If your career change takes you into a new work line that requires a new set of skills or education, it will be important to plan for those things. Finding out if you need additional training, classes, or a degree will not be just an investment of your time; it will also be an investment of your pocketbook. How much depends on different factors, but is it largely centralized in three areas: what you need, where you get it, and how long can you take to complete the training or degree. These will all influence the ultimate cost.
So, how do you feel about your readiness to take on a new career? If you want the clout of a top-notch degree, you will want to explore the best schools and degree programs in the field, which will likely require a lot of cash. On the other hand, if you want only what meets most employers’ minimum qualifications, that gives you a different set of options, some of which may be way more cost-effective.
- Lifestyle changes
If your current lifestyle allows you to go on a dream vacation, drive fancy cars, eat at expensive restaurants, and wear designer clothes, you may be having heart palpitations about letting these things go. It is time to reframe everything through the lens of what you CAN do, not what you cannot do. How can you still travel if that is what you love to do? How can you make smaller
changes at home to make it cozier and more comfortable without massive renovations? How can you look stylish without breaking the bank?
Again, how do you feel about the lifestyle you live? If you want you and your family to be lavishly pampered while seeing the farthest corners of the earth, then you will be spending a lot of dough to make that happen. If you want to create more connection by spending time on a family vacation, even a staycation in your own city will fit the bill quite pleasantly and more economically.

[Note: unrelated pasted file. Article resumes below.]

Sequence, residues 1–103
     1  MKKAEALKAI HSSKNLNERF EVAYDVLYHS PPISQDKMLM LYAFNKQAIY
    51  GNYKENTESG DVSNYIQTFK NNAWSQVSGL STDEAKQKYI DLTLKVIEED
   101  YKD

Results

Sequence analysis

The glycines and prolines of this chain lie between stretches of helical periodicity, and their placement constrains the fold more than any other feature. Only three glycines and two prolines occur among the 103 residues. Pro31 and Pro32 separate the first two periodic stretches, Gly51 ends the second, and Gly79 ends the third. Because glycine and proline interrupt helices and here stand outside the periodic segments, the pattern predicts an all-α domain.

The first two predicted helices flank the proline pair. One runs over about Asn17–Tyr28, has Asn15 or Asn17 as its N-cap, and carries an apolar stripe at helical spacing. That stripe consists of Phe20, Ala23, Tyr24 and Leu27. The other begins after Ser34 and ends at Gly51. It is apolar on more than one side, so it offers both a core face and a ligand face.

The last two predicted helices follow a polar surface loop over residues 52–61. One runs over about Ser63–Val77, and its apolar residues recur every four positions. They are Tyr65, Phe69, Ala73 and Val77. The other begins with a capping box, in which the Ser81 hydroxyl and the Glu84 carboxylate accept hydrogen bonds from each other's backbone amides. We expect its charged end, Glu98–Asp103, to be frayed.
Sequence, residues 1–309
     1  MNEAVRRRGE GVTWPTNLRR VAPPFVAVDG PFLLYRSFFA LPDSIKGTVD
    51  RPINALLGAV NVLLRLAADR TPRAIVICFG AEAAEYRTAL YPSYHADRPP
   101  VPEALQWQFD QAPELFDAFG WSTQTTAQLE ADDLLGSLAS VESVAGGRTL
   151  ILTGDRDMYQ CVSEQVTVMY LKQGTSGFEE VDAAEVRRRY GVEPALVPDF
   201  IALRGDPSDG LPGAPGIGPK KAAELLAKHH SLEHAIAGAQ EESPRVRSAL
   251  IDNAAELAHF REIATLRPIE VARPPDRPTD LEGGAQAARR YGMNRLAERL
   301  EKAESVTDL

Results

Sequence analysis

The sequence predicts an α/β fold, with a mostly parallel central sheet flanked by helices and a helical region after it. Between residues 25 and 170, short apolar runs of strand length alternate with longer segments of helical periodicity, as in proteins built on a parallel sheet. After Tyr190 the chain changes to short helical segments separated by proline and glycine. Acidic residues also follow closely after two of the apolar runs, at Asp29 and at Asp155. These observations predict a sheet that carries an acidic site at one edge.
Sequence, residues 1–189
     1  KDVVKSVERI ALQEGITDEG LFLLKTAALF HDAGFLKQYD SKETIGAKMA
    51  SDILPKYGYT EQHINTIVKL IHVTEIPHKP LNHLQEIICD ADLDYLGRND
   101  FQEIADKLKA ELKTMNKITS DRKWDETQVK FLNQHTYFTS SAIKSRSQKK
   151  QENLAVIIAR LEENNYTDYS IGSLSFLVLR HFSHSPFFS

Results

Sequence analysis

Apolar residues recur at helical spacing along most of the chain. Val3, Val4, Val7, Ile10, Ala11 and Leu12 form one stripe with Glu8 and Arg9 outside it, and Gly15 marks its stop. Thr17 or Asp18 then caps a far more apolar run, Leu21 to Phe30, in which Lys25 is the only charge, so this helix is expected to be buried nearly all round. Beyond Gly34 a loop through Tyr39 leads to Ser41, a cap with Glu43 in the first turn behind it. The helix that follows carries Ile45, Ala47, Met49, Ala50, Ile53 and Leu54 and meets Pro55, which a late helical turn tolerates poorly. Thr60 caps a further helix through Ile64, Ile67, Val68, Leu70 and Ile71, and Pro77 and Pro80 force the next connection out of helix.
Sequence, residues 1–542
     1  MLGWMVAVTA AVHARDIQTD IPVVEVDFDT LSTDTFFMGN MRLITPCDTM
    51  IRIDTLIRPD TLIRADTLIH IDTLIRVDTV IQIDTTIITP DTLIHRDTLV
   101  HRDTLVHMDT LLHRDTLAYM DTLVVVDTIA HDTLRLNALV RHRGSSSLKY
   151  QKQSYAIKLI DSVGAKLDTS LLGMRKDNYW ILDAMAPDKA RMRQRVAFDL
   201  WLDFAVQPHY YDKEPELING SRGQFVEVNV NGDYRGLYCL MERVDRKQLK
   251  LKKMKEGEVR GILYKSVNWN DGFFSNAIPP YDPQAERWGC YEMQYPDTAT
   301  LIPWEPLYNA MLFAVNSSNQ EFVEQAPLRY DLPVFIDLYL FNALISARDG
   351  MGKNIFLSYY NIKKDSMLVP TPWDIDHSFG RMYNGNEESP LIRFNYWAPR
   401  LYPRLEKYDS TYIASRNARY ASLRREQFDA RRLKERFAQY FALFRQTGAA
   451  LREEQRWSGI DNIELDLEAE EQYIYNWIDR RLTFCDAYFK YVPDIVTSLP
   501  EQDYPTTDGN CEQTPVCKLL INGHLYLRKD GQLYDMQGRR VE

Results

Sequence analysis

Lifestyle changes do not mean stopping shopping or staying home 365 days a year. But it does mean thinking about what you really need to create a sense of fulfillment and connection for you and your family. Often, we fill our lives with stuff because we are not happy. If our careers make us unhappy, it is easy to say, ‘well, at least it pays me well.’ But what if you could get happier in your career? You might find you do not need the stuff you are spending a lot of money on now to fill the void
3.Debt, Savings, Risk, and Budget
Your financial planning is key to affording your career change.
Debt : If you are in debt, get out. Figure out a plan and start now. Maybe this is all you focus on for one year before you make the career change you want.
Savings: Where are you at with your retirement savings? Do you have an emergency fund, and how much do you need in it? If you do not have a financial advisor, get one to maximize your savings and plan smartly. Meet annually to review and adjust your financial plan.
Risk: Who do you need on-board for a potential change in income and spending and saving habits? And are you willing to take a risk and with how much tolerance?
Budget: Look at your budget and where your current income goes. Where can you eliminate or reduce spending? Small changes can add up. Estimate the amount of income you would have with a career change and test drive living on a reduced budget before it happens. This will take a lot of commitment, but it is a fail-proof way to test what works and what doesn’t before you actually do it. Again, how do you feel about how you manage your finances for the short and long term? Answer it through the lens of your debt, savings, risk level, and budget, and then reverse engineer it to figure out what your next steps are.
You cannot put a price tag on peace of mind
If you are stressed, bored, unfulfilled, and missing out on time with your family, or just miserable in your current career, ask yourself if a higher salary is worth it? Is that the trade-off you want? Can you live with it until you hang up your boots and retire? What about your happiness? Ask yourself what your happiness is worth? I will bet the answer is priceless, and no amount of income is worth the sacrifice of happiness and well-being. No one should put a price tag on that, so why should you?